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Re: Counter DoS
- From: Rachael Treu
- Date: Mon Mar 15 10:55:34 2004
Leaving directed-bcast open would accomplish this on these devices, as well
as many others. A bigger problem here is that these irresponsible network
polyps would offer an icmp-independent amplifier. They essentially open
smurf amplification to any other protocol. Whereas a network might clobber
icmp at its border(s), a tcp or udp attack on a "friendly" port would
elicit the same effect as the ping-of-death of old, and be permitted
traversal of the traditional front lines of defense.
Contrbuting to firewalking and general network recon, the bane of icmp is
in its inherent behavior. It is designed to remit success and failure
messages disclosing path and node details. This is its sole function, and
is therefore non-negotiable and suspect and frequently dropped or monitored
by edge devices. tcp and udp, on the other hand, are now being twisted to
behave the same way when encountered by these stupid vigilante firewalls:
send a (malicious) stream of data, invoke an equal and opposite stream of
(malicious) data. The creepy innovators of this nonsense appliance just
used the application layer to defile the fundamental nature of
ubiquitous protocols. Think about how we generally react when it appears
that M$ has done that.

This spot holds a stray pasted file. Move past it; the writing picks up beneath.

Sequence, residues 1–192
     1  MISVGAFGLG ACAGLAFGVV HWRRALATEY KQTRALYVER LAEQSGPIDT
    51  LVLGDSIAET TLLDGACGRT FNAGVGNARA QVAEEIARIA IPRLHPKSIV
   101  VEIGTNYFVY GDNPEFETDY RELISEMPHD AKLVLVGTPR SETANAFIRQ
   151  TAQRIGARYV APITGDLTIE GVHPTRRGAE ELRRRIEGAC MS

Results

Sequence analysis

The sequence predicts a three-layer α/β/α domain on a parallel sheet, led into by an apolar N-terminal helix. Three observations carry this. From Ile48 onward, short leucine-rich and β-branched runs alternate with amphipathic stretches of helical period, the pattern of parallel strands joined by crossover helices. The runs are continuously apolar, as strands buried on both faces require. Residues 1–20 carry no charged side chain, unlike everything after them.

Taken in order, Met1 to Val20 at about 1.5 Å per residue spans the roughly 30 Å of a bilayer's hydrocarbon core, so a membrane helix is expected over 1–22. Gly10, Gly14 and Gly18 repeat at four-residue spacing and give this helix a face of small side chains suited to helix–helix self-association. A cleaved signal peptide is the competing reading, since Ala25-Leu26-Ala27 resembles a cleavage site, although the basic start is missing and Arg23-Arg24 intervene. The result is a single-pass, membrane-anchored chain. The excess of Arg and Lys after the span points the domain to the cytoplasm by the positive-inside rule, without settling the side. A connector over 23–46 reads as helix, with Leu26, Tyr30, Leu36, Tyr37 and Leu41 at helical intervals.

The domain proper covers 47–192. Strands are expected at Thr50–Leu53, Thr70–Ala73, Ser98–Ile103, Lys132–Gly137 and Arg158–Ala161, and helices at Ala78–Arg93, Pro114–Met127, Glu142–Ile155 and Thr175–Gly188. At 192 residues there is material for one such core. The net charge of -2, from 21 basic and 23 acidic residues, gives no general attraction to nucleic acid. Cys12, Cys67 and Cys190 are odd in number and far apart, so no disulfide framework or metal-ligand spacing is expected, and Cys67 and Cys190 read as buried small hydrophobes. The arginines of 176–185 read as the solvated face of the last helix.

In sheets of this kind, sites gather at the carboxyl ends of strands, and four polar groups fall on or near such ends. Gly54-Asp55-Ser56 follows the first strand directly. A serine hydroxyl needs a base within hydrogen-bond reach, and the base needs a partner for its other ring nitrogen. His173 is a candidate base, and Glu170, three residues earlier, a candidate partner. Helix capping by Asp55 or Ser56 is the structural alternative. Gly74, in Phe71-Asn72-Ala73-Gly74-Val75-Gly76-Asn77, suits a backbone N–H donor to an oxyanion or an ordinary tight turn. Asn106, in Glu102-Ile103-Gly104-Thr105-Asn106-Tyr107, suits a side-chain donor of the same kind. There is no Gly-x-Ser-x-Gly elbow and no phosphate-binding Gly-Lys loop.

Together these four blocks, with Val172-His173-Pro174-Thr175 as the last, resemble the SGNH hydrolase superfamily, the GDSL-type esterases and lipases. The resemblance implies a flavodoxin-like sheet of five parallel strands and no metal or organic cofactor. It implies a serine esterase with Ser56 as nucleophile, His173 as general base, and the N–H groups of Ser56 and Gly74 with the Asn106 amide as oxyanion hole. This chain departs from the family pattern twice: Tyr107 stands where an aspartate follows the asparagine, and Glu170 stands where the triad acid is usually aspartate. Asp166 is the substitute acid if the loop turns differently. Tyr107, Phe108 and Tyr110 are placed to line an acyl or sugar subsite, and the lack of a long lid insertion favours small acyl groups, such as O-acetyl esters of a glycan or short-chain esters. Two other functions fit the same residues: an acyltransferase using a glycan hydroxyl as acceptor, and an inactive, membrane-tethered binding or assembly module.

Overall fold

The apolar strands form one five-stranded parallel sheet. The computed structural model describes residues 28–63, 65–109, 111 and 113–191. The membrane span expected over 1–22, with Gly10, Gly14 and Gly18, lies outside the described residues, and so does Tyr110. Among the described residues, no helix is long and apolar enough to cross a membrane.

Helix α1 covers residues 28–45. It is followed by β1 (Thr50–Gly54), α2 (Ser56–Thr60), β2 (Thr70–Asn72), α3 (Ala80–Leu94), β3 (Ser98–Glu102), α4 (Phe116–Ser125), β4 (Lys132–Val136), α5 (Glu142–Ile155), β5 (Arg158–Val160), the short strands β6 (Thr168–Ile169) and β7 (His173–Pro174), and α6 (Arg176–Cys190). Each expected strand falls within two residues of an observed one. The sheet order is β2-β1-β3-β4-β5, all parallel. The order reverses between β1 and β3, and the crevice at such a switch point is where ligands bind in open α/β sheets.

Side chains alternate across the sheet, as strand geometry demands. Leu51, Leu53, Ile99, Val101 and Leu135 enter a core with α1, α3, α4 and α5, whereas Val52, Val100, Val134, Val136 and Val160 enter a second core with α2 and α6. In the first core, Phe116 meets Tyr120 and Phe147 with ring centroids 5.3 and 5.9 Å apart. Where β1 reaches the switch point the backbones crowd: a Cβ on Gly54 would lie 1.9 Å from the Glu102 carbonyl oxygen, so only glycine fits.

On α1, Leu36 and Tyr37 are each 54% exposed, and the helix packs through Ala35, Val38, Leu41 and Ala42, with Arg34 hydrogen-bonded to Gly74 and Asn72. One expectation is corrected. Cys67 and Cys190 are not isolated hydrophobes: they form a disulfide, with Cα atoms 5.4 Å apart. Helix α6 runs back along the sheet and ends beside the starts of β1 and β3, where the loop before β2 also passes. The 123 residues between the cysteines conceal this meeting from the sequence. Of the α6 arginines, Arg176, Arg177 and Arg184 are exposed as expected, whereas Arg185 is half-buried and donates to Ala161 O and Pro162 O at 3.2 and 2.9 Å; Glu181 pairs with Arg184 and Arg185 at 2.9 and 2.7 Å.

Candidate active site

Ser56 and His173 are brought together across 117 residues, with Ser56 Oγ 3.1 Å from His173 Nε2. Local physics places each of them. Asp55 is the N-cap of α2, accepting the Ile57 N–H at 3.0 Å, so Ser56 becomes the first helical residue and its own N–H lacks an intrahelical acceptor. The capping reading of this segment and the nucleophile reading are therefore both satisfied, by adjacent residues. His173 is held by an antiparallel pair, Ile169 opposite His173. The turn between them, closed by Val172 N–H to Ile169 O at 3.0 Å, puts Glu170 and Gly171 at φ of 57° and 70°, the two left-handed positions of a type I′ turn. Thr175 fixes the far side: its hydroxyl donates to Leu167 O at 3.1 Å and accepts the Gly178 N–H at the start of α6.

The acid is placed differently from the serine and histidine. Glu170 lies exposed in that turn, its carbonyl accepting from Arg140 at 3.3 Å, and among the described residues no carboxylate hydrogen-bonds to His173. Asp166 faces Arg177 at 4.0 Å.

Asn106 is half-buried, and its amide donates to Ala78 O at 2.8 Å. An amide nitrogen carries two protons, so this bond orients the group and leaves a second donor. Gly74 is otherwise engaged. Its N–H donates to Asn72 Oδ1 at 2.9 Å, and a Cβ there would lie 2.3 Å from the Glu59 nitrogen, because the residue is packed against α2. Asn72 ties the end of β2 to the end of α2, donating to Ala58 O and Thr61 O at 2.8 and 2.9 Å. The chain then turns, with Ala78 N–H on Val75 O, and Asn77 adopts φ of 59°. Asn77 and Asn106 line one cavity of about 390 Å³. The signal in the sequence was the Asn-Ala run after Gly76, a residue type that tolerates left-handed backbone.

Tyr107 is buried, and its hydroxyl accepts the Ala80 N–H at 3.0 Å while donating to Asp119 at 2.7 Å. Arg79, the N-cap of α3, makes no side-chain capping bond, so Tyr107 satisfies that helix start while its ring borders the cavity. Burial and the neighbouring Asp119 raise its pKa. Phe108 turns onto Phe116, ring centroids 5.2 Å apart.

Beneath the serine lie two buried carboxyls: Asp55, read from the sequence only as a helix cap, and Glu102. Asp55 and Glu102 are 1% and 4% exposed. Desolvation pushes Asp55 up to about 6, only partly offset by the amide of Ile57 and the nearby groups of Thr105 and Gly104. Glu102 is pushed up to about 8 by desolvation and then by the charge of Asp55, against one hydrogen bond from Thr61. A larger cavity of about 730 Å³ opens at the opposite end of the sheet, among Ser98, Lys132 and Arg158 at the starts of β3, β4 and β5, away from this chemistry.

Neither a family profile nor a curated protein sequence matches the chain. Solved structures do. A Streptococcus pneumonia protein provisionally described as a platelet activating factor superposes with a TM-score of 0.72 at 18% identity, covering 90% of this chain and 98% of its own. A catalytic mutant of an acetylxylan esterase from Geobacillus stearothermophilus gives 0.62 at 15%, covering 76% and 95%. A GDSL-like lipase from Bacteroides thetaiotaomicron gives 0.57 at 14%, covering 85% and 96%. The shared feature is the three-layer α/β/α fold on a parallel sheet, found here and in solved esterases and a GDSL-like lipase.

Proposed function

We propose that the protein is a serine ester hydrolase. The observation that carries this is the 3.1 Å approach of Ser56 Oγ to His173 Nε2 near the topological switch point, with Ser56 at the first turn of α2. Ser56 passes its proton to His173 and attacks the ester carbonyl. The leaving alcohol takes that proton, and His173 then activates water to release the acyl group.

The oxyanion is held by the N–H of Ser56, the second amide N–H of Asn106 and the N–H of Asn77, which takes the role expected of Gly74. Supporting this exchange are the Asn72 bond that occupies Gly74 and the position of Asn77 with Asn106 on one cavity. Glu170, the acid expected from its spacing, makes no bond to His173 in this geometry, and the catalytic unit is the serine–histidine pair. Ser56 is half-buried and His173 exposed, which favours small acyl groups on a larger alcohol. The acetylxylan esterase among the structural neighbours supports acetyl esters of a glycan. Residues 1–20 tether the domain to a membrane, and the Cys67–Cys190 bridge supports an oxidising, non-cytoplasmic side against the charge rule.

Just give the whole bloody Internet a big red button, and train users'
crosshairs on the first thing that moves. I'll cheerlead outside the
court proceedings when this obnoxious vendor sees its first lawsuit or
No carrier would allow this on its network, anyway.
On Thu, Mar 11, 2004 at 04:10:04PM -0500, Deepak Jain said something to the effect of:
> If you wanted to do that, wouldn't the firewall just need
> directed-broadcast left open or emulate similar behavior, or even
> turning ip unreachables back on?
> Flooding pipes accidentally is easy enough. Now people are selling
> products to do it deliberately.
> I saw a license plate this week (Virginia -IWTFM) I thought that was clever.
> Gregory Taylor wrote:
> >Yes, lets allow the kiddies who already get away with as little work as
> >they can in order to produce the most destruction they can, the ability
> >to use these 'Security Systems' as a new tool for DoS attacks against
> >their enemies.
> >Lets say my name is: l33th4x0r
> >I want to attack joeblow.cable.com because joeblow666 was upset that I
> >called his mother various inappropriate names.
> >I find IP for joeblow.cable.com to be 192.168.69.69
> >I find one of these 'security' systems, or multiple security systems,
> >and i decide to forge a TCP attack from 192.168.69.69 to these 'security
> >These 'security systems' then, thinking joeblow is attacking their
> >network, will launch a retaliatory attack against the offender,
> >192.168.69.69 thus destroying his connectivity.
> >Kiddie 1 Joeblow 0 The Internet as a whole 0
> >Rachael Treu wrote:
> >>Mmm. A firewall that lands you immediately in hot water with your
> >>ISP and possibly in a courtroom, yourself. Hot.
> >>Legality aside...
> >>I don't imagine it would be too hard to filter these retaliatory
> >>packets, either. I expect that this would be more wad-blowing
> >>than cataclysm after the initial throes, made all the more ridiculous
> >>by the nefarious realizing the new attack mechanism created by these
> >>absurd boxen. A new point of failure and an amplifier rolled all
> >>into one! Joy!
> >>More buffoonery contributed to the miasma. Nice waste of time,
> >>Symbiot. Thanks for the pollution, and shame on the dubious ZDnet
> >>for perpetuating this garbage.
rachael treu firstname.lastname@example.org
..quis costodiet ipsos custodes?..